Today in the United States there are over 9,000 urgent care centers in towns and cities across the country. Urgent care centers are on-demand care outlets where medical professionals provide care for people whose illnesses or injuries can’t be taken care of in a doctor’s office but don’t require going to a hospital emergency room.
To get a clearer idea of what medical conditions warrant a trip to an urgent care center, here are a few examples:
- Cuts that might require stiches but aren’t bleeding excessively
- Mild to moderate breathing problems
- X-rays and lab tests for diagnostics
- Skin rashes and infections
- Urinary tract infections
- Vomiting or diarrhea
- And others
On the other hand, it’s important to remember that in serious emergency situations like the ones listed below, you should call 911 right away and get emergency medical help:
- Loss of consciousness, convulsions, or seizures
- Gunshot wounds, knife wounds, or other wounds that are serious
- Heavy bleeding
- Burns that are moderate to severe
- Compound fracture (bone protruding the skin)
- Poisoning or suspected drug overdose
- Symptoms of a heart attack
- Severe pain
- And others
Knowing that you have an urgent care center close to you is comforting. But if you need urgent care services, does your Medicare insurance help cover the cost?
Does Medicare cover urgent care services?
If you need urgent care to treat a sudden illness or injury that isn’t a medical emergency, Original Medicare Part B (medical insurance) covers a portion of the cost of the urgent care visit.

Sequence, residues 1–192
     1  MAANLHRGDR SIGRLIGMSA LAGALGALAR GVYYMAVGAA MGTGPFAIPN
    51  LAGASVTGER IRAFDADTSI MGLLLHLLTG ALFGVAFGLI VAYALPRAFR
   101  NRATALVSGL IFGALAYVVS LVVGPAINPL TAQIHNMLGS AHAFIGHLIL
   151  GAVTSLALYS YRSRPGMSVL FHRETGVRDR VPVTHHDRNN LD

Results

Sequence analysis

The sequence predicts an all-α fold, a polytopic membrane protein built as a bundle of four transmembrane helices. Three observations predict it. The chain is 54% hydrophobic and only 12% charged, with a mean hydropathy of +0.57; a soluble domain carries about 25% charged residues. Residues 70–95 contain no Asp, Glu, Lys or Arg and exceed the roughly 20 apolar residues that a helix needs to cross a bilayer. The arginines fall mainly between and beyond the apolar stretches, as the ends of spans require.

If the urgent care center accepts Medicare assignment, then Medicare Part B pays 80 percent of the final approved cost of your visit for services and tests you get there. You pay the remaining 20 percent after you have met your annual Part B deductible.
If the urgent care center you visit doesn’t accept Medicare assignment, you may have to pay more out-of-pocket for services and tests you receive, but you can’t be refused care. However, if you have a choice of centers, you should choose one that accepts Medicare. Many urgent care centers accept Medicare, but you can call before visiting a location near you to be certain.
Original Medicare Part B coverage for urgent care doesn’t include any prescriptions for medication that a physician prescribes during your care. However, if you have a Medicare prescription drug (Part D) plan, you may have coverage if the drug is on the Part D plan’s formulary (list of covered drugs).
Medicare Advantage (Part C)
Medicare Advantage plans offer the same coverage as Original Medicare Parts A and B do. Most plans also include extra benefits and additional coverage like prescription drugs. Because Original Medicare covers urgent care, your Part C plan must also cover it.
However, depending on the type of plan you have, you may have different coinsurance or copayment charges for your care. And some Medicare Advantage plans have a pre-determined allowance for urgent care you get on an annual basis.
Your Part C plan may also ask you to use urgent care centers that are included in the plan’s network of providers. You can find this information on your printed policy, on the plan’s website, or by calling your provider. In some cases, you may pay more if you use a facility that isn’t in the plan’s network.